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Journal of Materials Processing Technology 164–165 (2005) 978–985
Effect of laser welding parameters on the heat input and weld-bead proﬁle
K.Y. Benyounis
∗
, A.G. Olabi, M.S.J. Hashmi
School of Mechanical and Manufacturing Engineering, Dublin City University, Dublin 9, Ireland
Abstract
Laser butt-welding of medium carbon steel was investigated using CW 1.5kW CO
2
laser. The effect of laser power (1.2–1.43kW), weldingspeed (30–70cm/min) and focal point position (
−
2.5 to 0mm) on the heat input and the weld-bead geometry (i.e. penetration (
P
), weldedzone width (
W
) and heat affected zone width (
W
HAZ
)) was investigated using response surface methodology (RSM). The experimental planwas based on Box–Behnken design. Linear and quadratic polynomial equations for predicting the heat input and the weld-bead geometrywere developed. The results indicate that the proposed models predict the responses adequately within the limits of welding parameters beingused. It is suggested that regression equations can be used to ﬁnd optimum welding conditions for the desired criteria.© 2005 Elsevier B.V. All rights reserved.
Keywords:
Laser welding; RSM; Weld-bead proﬁle
1. Introduction
Laserweldinghasbecomeanimportantindustrialprocessbecause of its advantages as a bonding process over the otherwidely used joining techniques. Laser welding characterizewith parallel-sided fusion zone, narrow weld width and highpenetration.Theseadvantagescamefromitshighpowerden-sity,whichmakethelaserweldingoneofthekeyholeweldingprocesses [1]. The laser welding input parameters determinethe shape of laser weld-bead, due to the combination of theseparameters control the heat input [2]. For a good weld qual-itythecombinationoftheoutputpower,weldingspeed,focalposition, shielding gas and position accuracy should be cor-rectly selected [3]. RSM is widely used to predict the weld-
bead geometry and mechanical properties in many weldingprocess [4–8]. In this work RSM is used to develop models
to predict the heat input and to describe the laser weld-beadproﬁle (i.e. weld penetration, welded zone width and HAZwidth) for CW CO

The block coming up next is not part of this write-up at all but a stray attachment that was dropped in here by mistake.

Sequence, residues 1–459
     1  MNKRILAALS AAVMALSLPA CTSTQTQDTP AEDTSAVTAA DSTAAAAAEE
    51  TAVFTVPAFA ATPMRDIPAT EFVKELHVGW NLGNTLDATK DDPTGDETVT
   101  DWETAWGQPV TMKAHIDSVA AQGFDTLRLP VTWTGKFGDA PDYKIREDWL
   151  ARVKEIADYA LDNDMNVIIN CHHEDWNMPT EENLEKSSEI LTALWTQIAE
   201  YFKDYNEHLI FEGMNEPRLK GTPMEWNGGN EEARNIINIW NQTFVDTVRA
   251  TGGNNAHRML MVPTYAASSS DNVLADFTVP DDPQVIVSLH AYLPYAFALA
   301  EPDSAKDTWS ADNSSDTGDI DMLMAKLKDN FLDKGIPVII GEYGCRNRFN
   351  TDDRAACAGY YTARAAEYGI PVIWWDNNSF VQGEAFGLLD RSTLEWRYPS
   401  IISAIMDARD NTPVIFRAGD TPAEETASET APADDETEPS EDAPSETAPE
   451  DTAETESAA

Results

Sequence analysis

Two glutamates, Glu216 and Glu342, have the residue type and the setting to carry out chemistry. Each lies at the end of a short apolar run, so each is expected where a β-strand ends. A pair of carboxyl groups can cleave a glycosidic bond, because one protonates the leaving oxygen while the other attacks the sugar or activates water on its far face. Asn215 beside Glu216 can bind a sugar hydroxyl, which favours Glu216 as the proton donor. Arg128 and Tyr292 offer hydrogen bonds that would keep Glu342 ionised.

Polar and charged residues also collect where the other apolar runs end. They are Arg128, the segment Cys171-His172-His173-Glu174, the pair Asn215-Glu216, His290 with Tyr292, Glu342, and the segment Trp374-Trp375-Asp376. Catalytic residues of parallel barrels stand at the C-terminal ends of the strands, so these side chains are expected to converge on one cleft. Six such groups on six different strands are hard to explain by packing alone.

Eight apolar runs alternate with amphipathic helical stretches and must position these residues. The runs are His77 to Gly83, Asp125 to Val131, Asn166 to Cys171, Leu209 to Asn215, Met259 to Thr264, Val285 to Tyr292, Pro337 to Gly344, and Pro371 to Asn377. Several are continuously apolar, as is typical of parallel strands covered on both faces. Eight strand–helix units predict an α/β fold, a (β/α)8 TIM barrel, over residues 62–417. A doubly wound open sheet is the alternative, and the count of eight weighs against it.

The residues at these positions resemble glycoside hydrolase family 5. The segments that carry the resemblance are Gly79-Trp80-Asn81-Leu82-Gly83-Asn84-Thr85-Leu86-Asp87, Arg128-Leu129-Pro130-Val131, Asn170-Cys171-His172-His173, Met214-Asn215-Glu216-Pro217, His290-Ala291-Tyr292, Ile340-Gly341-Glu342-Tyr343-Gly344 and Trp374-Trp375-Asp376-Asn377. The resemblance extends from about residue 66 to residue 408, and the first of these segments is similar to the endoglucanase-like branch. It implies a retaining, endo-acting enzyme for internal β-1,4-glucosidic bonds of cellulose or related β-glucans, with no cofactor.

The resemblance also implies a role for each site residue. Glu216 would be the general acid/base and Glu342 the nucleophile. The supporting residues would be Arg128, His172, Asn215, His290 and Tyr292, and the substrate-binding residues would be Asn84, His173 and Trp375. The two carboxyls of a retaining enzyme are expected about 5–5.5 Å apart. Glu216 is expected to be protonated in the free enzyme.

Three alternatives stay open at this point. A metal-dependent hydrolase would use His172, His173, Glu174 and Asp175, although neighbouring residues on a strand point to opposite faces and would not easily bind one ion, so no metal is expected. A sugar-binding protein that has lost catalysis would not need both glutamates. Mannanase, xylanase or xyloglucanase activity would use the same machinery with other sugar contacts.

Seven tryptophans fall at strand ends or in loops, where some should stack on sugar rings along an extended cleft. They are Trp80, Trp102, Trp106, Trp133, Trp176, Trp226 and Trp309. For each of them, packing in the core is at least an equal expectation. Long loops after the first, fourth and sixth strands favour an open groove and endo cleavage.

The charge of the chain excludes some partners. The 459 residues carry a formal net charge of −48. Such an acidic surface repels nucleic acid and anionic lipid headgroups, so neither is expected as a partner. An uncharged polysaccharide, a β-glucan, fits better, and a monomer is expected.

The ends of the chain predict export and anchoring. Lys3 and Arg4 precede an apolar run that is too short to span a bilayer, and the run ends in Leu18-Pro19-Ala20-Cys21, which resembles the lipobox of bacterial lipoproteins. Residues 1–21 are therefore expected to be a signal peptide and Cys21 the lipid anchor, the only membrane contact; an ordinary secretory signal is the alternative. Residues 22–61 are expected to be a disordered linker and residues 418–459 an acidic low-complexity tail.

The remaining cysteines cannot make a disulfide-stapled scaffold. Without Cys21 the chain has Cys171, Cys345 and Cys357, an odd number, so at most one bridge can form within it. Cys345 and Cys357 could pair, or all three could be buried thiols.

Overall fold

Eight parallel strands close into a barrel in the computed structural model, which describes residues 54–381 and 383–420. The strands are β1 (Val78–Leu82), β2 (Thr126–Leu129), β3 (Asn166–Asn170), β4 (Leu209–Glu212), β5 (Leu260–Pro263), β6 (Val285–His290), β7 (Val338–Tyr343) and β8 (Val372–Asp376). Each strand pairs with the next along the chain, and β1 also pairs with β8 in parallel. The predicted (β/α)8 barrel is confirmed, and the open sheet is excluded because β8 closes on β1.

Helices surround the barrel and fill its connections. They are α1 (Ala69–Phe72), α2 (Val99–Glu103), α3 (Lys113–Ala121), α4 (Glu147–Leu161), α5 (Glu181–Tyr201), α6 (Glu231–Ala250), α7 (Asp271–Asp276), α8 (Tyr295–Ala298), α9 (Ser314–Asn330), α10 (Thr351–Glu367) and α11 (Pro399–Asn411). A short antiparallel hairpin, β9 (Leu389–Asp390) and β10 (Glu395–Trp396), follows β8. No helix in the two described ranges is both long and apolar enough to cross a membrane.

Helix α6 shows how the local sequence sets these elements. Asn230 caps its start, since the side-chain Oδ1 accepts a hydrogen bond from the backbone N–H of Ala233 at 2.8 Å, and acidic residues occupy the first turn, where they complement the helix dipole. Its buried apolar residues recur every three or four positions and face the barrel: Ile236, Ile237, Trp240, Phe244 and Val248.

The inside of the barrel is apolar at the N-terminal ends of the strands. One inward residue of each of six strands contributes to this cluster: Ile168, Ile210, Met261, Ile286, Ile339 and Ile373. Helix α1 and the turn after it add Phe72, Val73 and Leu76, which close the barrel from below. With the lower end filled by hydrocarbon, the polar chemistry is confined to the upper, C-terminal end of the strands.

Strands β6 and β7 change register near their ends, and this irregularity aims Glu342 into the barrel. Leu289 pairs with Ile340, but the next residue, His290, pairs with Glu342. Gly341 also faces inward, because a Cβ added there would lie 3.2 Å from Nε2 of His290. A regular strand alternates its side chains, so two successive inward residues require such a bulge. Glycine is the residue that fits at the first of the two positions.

2
laser butt-welding of medium carbonsteel. The laser input parameters taken into consideration arelaserpower(LP),weldingspeed(
S
)andfocusedposition(
F
).
∗
Corresponding author.
E-mail address:
khaled.benyounis2@mail.dcu.ie (K.Y. Benyounis).
2. Experimental design
The experiment was designed based on a three levelBox–Behnken design with full replication [9]. Laser power(1.2–1.43kW), welding speed (30–70cm/min) and focalpoint position (
−
2.5 to 0mm) being the laser independentinput variables. Table 1 shows laser input variables and ex-perimental design levels used. RSM was applied to the ex-perimental data using statistical software, Design-expert V6.Linearandsecondorderpolynomialswereﬁttedtotheexperi-mentaldatatoobtaintheregressionequations.Thesequential
F
-test,lack-of-ﬁttestandotheradequacymeasureswereusedin selecting the best models. A step-wise regression methodwas used to ﬁt the second order polynomial equation (1) to
theexperimentaldataandtoidentifytherelevantmodelterms[10,11]. The same statistical software was used to generatethe statistical and response plots.
Y
=
b
0
+
b
i
χ
i
+
b
ii
χ
2
ii
+
b
ij
χ
i
χ
j
(1)
3. Experimental work
Mediumcarbonsteelwithchemicalcompositioninweightpercent of 0.46% C, 0.2% Si, 0.7% Mn and Fe Balancewas used as work piece material. The size of each platewas 180mm long
×
80mm width with thickness of 5mm.
0924-0136/$ – see front matter © 2005 Elsevier B.V. All rights reserved.doi:10.1016/j.jmatprotec.2005.02.060
K.Y. Benyounis et al. / Journal of Materials Processing Technology 164–165 (2005) 978–985
979Table 1Process variables and experimental design levels usedVariables
−
1 0 +1Laser power, LP (kW) 1
.
2 1
.
3125 1
.
425Welding speed,
S
(cm/min) 30 50 70Focused position,
F
(mm)
−
2
.
5
−
1
.
25 0
Trial samples of butt-welding were performed by varyingone of the process variables to determine the working rangeof each variable. Absence of visible welding defects and atleast half depth penetration were the criteria of choosing theworking ranges. The experiment was carried out accordingto the design matrix in a random order to avoid any system-atic error using a CW 1.5kW CO
2
Roﬁn laser provided byMechtronic Industries Ltd. Argon gas was used as shield-ing gas with constant ﬂow rate of 5l/min. Two transversespecimens were cut from each weldment. Standard metallo-graphic was made for each transverse specimen. The beadproﬁle parameters ‘responses’ were measured using an opti-cal microscope with digital micrometers attached to it withan accuracy of 0.001mm, which allow to measure in
X
-axesand
y
-axes.Theaverageoftwomeasuredweldproﬁleparameterswasrecorded for each response. The design matrix and the aver-age measured responses are shown below in Tables 2 and 3.
4. Results and discussion
The results of the weld-bead proﬁle were measured ac-cording to design matrix Table 2 using the transverse sec-tioned specimens and the optical microscope mentioned ear-lier, the measured responses are listed in Table 3. Analysing
the measured responses by the design expert software. Theﬁt summary output indicates that the linear model is statis-tically signiﬁcant for the penetration ‘the second response’
Table 2Design matrix with code independent process variablesExp. No. RunorderLaserpower (kW)Welding speed(cm/min)Focusedposition (mm)1 1
−
1
−
1 02 8 1
−
1 03 13
−
1 1 04 14 1 1 05 4
−
1 0
−
16 16 1 0
−
17 10
−
1 0 18 3 1 0 19 5 0
−
1
−
110 7 0 1
−
111 9 0
−